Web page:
Journal of Buddhist Ethics

An online journal of Buddhist scholarship related to ethics.

Buddhist Theories of Free Will: Compatiblism

ISSN 1076-9005
Volume 17, 2010

Earlier Buddhist Theories of Free Will: Compatibilism

Riccardo Repetti
Kingsborough College, City University of New York

This is the first part of a four-article series that examines Buddhist accounts of free will. The present article introduces the issues and reviews earlier attempts by Frances Story, Walpola Rāhula, Luis Gómez, and David Kalupahana. These “early-period” authors advocate compatibilism between Buddhist doctrine, determinism (the doctrine of universal lawful causation), and free will. The second and third articles review later attempts by Mark Siderits, Gay Watson, Joseph Goldstein, and Charles Goodman. These “middle-period” authors embrace either partial or full incompatibilism. The fourth article reviews recent attempts by Nicholas F. Gier and Paul Kjellberg, Asaf Federman, Peter Harvey, and B. Alan Wallace. These “recent-period” authors divide along compatibilist and incompatibilist lines. Most of the scholarly Buddhist works that examine free will in any depth are reviewed in this series. Prior to the above-mentioned early-period scholarship, scholars of Buddhism were relatively silent on free will. The Buddha’s teachings implicitly endorse a certain type of free will and explicitly endorse something very close to determinism, but attempts to articulate the implicit theory bear significant interpretive risks. The purpose of this four-article series is to review such attempts in order to facilitate a comprehensive view of the present state of the discussion and its history.

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Theravāda Sources on Free Will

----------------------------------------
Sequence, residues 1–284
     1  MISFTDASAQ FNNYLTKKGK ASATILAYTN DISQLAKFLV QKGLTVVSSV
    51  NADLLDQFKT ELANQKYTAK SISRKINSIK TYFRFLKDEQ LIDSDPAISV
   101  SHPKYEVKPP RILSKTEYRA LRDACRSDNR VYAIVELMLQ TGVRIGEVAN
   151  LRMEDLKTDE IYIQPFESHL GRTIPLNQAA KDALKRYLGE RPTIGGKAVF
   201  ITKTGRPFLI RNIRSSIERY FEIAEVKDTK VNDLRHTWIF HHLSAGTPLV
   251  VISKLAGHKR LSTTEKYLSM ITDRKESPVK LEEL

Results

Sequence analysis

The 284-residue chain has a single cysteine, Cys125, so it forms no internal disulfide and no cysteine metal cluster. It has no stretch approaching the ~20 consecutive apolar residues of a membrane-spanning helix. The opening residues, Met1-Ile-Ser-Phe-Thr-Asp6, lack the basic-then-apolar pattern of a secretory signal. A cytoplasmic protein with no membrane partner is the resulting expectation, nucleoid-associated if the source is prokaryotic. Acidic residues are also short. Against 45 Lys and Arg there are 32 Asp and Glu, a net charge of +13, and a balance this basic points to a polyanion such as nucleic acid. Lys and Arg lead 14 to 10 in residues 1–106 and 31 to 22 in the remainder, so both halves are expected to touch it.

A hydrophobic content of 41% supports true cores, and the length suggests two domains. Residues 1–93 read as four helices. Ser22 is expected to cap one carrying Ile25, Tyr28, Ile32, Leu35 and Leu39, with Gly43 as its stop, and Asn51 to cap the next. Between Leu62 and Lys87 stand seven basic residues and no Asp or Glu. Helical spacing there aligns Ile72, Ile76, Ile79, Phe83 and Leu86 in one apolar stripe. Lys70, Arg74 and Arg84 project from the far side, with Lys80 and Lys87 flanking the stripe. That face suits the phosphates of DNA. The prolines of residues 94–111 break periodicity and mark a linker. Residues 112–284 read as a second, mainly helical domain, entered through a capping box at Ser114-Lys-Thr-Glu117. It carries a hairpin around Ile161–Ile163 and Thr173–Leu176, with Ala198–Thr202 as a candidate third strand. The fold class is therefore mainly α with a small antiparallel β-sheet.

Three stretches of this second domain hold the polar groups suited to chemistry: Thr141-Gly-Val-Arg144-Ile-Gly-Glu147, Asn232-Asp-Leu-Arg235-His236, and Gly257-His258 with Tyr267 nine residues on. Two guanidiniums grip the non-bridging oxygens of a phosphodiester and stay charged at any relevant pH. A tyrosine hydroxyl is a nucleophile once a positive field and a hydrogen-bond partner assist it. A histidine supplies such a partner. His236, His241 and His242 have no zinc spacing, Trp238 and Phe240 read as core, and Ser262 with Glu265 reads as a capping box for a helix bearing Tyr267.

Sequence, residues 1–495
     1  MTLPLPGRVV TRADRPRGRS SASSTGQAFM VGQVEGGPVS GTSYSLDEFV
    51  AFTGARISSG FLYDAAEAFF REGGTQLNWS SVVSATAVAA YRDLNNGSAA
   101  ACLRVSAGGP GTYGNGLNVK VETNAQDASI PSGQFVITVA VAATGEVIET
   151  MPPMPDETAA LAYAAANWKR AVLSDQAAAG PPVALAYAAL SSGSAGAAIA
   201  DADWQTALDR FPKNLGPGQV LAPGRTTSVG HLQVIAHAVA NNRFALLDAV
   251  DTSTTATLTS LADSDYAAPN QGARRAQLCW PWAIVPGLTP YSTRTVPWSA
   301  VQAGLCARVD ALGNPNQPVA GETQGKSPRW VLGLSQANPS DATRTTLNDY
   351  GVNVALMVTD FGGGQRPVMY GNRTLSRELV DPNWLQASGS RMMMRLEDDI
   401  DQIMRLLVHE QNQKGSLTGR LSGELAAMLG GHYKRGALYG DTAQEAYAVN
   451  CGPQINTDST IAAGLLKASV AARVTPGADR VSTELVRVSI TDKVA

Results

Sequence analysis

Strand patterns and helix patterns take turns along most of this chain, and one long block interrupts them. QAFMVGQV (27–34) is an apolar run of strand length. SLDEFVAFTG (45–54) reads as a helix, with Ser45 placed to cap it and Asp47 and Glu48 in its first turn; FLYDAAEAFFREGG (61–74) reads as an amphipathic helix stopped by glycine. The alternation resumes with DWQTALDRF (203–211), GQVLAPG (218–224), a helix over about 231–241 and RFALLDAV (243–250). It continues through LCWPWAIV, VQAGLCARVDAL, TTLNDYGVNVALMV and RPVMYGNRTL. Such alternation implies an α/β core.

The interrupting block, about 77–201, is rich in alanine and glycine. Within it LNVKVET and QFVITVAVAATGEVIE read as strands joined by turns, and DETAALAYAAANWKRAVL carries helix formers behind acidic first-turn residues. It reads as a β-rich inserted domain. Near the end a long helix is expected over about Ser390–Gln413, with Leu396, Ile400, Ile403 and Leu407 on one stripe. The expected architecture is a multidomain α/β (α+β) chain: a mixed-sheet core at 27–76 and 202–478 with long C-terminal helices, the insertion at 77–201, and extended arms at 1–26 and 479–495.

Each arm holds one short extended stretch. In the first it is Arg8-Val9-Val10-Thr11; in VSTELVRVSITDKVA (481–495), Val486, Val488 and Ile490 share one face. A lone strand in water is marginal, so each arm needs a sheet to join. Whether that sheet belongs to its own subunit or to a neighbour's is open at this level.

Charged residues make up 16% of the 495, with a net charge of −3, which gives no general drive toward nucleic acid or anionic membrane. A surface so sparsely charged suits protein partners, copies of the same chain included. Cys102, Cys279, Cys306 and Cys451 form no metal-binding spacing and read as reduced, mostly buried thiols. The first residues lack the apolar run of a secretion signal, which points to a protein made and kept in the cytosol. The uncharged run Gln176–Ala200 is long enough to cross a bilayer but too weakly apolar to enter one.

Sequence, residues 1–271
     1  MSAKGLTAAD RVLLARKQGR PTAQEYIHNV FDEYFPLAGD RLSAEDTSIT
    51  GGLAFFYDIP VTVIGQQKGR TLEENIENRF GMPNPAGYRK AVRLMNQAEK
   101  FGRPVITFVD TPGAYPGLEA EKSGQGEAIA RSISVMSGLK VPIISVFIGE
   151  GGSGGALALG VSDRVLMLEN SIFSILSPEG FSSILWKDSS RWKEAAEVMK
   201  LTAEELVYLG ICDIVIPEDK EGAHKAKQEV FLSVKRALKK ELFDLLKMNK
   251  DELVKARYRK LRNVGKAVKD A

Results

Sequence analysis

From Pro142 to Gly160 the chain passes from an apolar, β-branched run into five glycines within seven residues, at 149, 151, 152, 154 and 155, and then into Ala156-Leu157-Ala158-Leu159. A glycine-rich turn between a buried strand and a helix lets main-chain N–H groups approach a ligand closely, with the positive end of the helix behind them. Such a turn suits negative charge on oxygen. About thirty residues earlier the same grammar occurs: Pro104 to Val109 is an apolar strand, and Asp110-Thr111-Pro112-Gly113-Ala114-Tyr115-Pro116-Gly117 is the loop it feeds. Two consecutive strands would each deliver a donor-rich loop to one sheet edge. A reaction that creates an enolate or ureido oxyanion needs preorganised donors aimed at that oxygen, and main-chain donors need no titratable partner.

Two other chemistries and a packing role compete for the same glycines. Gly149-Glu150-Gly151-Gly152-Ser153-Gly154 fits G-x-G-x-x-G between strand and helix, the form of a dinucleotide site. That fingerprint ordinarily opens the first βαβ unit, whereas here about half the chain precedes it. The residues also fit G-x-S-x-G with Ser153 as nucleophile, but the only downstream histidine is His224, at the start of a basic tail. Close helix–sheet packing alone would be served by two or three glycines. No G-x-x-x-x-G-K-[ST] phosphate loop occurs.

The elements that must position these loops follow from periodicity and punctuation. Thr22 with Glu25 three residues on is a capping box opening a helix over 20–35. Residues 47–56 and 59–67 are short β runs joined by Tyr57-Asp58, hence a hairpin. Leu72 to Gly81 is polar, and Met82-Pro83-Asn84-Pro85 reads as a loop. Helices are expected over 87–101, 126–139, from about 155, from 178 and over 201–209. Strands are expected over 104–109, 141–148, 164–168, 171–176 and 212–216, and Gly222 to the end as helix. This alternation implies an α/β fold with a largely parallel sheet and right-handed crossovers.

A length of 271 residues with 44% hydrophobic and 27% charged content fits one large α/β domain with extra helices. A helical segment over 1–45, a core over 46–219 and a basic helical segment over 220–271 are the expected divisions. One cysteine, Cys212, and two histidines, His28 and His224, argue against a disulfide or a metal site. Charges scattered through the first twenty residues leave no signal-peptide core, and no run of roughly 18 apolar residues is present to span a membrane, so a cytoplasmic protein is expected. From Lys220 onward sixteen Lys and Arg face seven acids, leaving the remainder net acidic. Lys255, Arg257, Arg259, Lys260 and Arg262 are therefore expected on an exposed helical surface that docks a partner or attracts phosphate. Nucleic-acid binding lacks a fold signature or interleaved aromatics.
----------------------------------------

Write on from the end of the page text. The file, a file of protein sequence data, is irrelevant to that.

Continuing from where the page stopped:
ISSN 1076-9005
Volume 14, 2007

“Freedom of the Will” in the Light of Theravāda Buddhist Teachings

Peter Harvey
University of Sunderland

A well known issue in Western Philosophy is that of “freedom of the will”: whether, how and in what sense human beings have genuine freedom of action in the context of a broad range of external and internal conditioning factors. Any system of ethics also assumes that humans have, in some sense, a freedom to choose between different courses of action. Buddhist ethics is no different in this—but how is freedom of action to be made sense of in a system that sees human beings as an interacting cluster of conditioned and conditioning processes, with no substantial I-agent either within or beyond this cluster? This article explores this issue within Theravāda Buddhism, and concludes that the view of this tradition on the issue is a “compatibilist” middle way between seeing a person’s actions as completely rigidly determined, and seeing them as totally and unconditionally free, with a variety of factors acting to bring, and increase, the element of freedom that humans have. In a different way, if a person is wrongly seen as an essential, permanent Self, it is an “undetermined question” as to whether “a person’s acts of will are determined” or “a person’s acts of will are free.” If there is no essential person-entity, “it” cannot be said to be either determined or free.

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